Utah Supreme Court gets F for bad disclosure rules

The Center for Public Integrity released a report yesterday on the financial disclosure requirements of state supreme court justices. As one might suspect, Utah ranks at the bottom.

In fact, Utah is one of just three states that has no disclosure requirements whatsoever. Idaho, Montana and Utah all received scores of 0–placing them dead last in the national rankings.

utah public integrity imageAnd given our alphabetically disadvantaged name, we are, at least graphically, at the bottom of the bottom.

According to the report, “Utah justices, who are appointed to 10-year renewable terms by the governor, are not required to disclose any information about their personal financial interests.”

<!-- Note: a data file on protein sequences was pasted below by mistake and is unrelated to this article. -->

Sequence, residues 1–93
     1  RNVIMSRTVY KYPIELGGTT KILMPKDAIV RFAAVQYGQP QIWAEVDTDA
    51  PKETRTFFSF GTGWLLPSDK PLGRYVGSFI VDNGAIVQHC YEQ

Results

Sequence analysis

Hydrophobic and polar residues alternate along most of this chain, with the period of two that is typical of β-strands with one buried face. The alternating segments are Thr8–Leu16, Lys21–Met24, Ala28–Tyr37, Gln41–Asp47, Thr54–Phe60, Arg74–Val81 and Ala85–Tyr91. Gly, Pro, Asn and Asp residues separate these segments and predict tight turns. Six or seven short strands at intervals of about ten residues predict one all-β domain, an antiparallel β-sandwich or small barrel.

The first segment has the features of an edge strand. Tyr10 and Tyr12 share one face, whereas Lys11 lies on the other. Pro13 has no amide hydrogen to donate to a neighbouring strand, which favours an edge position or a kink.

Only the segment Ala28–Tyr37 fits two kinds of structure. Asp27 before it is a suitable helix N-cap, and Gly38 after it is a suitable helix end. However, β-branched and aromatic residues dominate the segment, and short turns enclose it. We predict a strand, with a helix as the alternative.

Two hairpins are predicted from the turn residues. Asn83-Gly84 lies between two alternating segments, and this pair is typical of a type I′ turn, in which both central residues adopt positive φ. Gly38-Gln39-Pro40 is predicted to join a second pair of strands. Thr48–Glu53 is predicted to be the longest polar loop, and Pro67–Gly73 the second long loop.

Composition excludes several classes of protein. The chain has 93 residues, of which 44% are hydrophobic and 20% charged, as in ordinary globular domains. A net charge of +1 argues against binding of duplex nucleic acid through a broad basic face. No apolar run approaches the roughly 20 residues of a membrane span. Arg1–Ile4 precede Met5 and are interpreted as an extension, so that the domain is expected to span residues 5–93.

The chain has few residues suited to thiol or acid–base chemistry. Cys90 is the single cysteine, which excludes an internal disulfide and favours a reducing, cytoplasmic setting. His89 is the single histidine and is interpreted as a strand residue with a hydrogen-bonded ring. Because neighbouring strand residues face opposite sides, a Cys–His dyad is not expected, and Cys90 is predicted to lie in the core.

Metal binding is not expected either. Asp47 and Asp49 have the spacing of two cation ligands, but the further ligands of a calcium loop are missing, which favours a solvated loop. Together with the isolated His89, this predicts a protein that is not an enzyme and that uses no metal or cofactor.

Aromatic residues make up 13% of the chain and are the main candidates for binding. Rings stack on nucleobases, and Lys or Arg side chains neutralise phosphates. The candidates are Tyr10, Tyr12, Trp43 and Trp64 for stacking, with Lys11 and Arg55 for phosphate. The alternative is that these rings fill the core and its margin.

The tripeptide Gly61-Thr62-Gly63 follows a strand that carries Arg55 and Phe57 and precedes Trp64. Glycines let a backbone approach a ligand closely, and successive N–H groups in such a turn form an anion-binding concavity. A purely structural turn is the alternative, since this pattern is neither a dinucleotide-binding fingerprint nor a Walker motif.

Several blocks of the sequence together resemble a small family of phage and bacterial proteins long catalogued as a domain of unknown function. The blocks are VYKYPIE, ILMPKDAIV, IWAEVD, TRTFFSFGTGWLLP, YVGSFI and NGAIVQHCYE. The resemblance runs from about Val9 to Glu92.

That includes household income, investments, gifts and liabilities. And, since none of those disclosures are required, they’re obviously not available for public viewing.

Disclosures are especially important in the case of state supreme court justices because justices could be called on to arbitrate in cases in which they have an interest in the outcome. For example, a judge could hear a case in which she or he owns stock in a plaintiff’s company, but without disclosure reports, it would be extremely difficult for the public to determine whether or not a conflict exists.

Though it is true that justices can voluntarily recuse themselves from hearing a case, a lack of disclosure makes it difficult for good government groups like ours to hold justices accountable by monitoring whether or not judges are recusing themselves when they should be.


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